Third Party Web Tracking Policy and Technology

Third Party Web
Policy and Technology
based on the paper of Jonathan R. Mayer and John C.
Mitchell Stanford University Stanford, CA
Website creators were mostly responsible
for their content themselves
Today content is aggregated from a lot of
different sources
Third party content seems to come for free
There's a hidden price tag! But where?
Third party content on SFGate
SFGate's Privacy Policy - the fine
2. Web Site Usage Information
(i) Cookies
We may use "cookies" to keep, and sometimes track, information
about you. Cookies are small data files that are sent to your browser or related software from
a Web server when you visit it and are stored on your computer's hard drive for record keeping
purposes. Cookies track where you travel on our Web Site and what you look at and purchase.
They may store the information in your shopping cart, and/or your username and password. A
cookie may enable us to relate your use of our Web Site to other information about you, including
These purposes serve to improve and
personalize your experience on our Web Site.
You may occasionally get cookies from our advertisers, which is
standard in the internet industry. We do not control these cookies,
and these cookies are not subject to our privacy policies.
your Personal Information.
Most Web browsers can be set to inform you when a cookie has been sent to you and provide you with
the opportunity to refuse that cookie. Additionally, if you have a Flash player installed on your
computer, your Flash player can be set to reject or delete Flash cookies. However, refusing a cookie
may, in some cases, preclude you from using, or negatively impact the display or function of, the
Web Site or certain areas or features of the Web Site.
How does a third party get the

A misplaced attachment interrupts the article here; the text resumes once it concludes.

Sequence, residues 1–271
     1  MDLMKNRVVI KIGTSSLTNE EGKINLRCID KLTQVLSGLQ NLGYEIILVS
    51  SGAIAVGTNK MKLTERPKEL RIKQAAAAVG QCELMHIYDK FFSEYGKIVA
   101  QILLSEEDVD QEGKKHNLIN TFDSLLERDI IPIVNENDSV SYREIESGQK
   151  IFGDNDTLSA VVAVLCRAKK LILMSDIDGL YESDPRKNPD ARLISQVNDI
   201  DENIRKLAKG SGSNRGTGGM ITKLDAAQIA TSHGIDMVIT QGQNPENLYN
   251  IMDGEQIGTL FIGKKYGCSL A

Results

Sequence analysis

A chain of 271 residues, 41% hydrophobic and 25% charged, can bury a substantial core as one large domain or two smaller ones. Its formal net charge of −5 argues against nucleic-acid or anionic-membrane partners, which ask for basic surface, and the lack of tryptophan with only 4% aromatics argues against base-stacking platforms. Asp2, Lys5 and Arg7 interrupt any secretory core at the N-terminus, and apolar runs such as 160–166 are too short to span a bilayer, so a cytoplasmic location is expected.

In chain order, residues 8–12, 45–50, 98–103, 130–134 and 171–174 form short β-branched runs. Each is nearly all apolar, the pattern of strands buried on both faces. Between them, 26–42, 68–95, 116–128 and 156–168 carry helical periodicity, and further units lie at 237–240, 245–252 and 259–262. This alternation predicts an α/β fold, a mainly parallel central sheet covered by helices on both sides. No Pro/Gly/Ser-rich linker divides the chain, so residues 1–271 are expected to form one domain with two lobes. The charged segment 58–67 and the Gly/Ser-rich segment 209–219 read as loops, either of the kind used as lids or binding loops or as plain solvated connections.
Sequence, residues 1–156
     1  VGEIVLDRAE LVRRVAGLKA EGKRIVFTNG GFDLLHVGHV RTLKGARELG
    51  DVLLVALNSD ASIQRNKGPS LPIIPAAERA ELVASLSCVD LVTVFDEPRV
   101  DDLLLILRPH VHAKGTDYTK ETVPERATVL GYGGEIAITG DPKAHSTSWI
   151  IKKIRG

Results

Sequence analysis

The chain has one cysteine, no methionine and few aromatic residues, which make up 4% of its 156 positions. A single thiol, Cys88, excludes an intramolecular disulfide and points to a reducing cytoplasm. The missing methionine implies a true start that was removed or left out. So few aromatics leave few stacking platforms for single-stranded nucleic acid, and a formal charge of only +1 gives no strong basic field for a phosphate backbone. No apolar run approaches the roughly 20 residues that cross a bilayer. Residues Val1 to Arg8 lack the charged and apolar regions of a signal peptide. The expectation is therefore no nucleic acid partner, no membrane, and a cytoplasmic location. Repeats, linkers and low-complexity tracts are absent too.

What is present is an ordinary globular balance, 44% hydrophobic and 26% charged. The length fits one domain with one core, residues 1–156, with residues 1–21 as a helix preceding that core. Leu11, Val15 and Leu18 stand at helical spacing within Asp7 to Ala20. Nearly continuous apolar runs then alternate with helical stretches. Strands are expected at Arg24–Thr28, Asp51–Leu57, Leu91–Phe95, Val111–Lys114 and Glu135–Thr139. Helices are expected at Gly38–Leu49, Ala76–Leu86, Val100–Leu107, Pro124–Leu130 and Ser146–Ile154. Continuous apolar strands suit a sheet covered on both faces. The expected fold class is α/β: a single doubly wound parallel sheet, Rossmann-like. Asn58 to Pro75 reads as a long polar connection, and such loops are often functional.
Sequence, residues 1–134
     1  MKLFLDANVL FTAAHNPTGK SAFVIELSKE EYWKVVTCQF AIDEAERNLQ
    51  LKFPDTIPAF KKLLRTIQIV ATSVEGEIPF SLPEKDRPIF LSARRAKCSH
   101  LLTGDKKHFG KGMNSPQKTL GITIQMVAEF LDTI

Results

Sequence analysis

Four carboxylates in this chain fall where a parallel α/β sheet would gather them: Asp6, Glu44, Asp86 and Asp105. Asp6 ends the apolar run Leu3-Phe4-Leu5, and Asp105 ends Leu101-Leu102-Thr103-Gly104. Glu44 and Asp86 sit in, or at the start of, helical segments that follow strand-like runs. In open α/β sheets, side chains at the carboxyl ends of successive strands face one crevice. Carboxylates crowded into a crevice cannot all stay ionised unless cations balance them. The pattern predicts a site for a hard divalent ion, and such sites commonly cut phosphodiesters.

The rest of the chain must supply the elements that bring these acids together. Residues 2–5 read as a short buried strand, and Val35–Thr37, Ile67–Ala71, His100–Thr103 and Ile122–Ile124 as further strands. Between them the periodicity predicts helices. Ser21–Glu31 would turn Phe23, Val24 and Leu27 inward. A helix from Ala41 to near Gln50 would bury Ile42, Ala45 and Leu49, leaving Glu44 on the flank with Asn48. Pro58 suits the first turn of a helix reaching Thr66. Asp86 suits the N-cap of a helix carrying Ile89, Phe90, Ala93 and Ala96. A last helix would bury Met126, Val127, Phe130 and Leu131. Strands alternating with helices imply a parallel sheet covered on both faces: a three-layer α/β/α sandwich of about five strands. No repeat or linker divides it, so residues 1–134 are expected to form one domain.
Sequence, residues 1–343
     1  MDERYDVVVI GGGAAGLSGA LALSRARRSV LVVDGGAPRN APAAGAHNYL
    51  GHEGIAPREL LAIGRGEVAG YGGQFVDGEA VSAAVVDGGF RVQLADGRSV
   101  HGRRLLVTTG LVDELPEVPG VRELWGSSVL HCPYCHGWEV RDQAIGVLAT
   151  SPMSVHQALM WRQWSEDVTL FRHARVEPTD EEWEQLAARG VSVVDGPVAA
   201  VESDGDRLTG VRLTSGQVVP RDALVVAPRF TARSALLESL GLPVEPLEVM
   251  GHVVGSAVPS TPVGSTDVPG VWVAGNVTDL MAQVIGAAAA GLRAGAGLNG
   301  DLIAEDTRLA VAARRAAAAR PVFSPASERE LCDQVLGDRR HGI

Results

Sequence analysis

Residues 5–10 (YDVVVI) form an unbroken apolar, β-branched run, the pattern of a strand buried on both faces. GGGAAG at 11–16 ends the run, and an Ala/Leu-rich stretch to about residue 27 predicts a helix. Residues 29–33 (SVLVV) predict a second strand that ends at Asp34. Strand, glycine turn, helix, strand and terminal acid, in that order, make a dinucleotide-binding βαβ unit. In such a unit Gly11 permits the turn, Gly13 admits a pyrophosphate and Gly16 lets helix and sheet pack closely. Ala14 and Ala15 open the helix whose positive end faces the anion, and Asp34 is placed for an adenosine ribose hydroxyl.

information it is looking for?
HTTP Referrer (Use POST Requests!)
UserID in URLS (e.g Facebook)
Scripts included in body of website can read
the whole page!
Some first parties deliberately make
information available
(Homedepot, Wall Street Journal)
What kind of information is
Employment status
Sexual orientation,
Financial challenges
Medical conditions
....and much more.....
Never mind the Cookies - here
comes the Supercookies!
Roughly 5 billion internet connected devices
need a - 32 bit identifier
- seems like a lot....
But there's a way! How?
Standard HTTP cookies, CSS history
scanning, Flash cookies, HTTP etags, IE
userData, HTML5 session cookies, HTML5
local storage, HTML5 global storage and
HTML5 database storage via SQLite....
And even without cookies!
(Stateless tracking)
Active fingerprinting
os, cpu, clock skew time zone, display settings,
installed fonts, plugins....
Passive fingerprinting
IP address, os, user agent, language, accept
2010 sample of 500,000 browsers over 80
percent identified!
Over 90% with flash & java installed!
Users don't seem to like it!
Survey results indicate a strong dislike of
"targeted marketing"...
No advertising based on tracking!
(2009 Phone Survey Turow et al 87%)
Behavioral targeting should be illegal!
(2010 Poll USA Today Gallup 67%)
"not okay" with behavioral advertising! (2012
Phone Survey Pew Research 68%)
So is this legal - in the US?
FTC prevent "unfair" or "deceptive"
behaviour - tracking related to "deceptive"
First violation small (if any) payment,
subsequent violation gets monetary
2011 three(!) enforcement actions
Advertising industry's self-regulatory
programs concentrates on use of data
And what about the EU?
2002 ePrivacy directive only "strictly
necessary" and "explicitly requested"
information, "opt out" (almost no
2009 amendment to "opt in" (no enforced
2012 consent must be explicit, penalties up
to 2% of revenue
Notion of "essential" cookies - a lot of room
for interpretation....
Opt Out Cookies I
Recently on SFGATE..
Opt Out Cookies II
Opt Out cookies III
Fight fire with fire? Set Cookies to prevent
other cookies from being set
Manual updating - useability?
Clear cookies (and opt-out cookies)
Can be undone by third party itself - opt out
from behavioral targeting doesn't include the
user is not tracked anymore!
Some remedies...
o Use a browser extension to block third parties from
setting cookies via blacklists.
o Performance varies (Fanboy's list, down to TRUSTe)
o Can be effective but Usability issues!
Do not Track?
Simply setting an httpheader DNT:1
presently standardized by W3C, no consensus
reached yet
Lacking browser support
And who cares anyway?
But no cure!
You can't hide from being Tracked!
(Image courtesy of NDR Germany)

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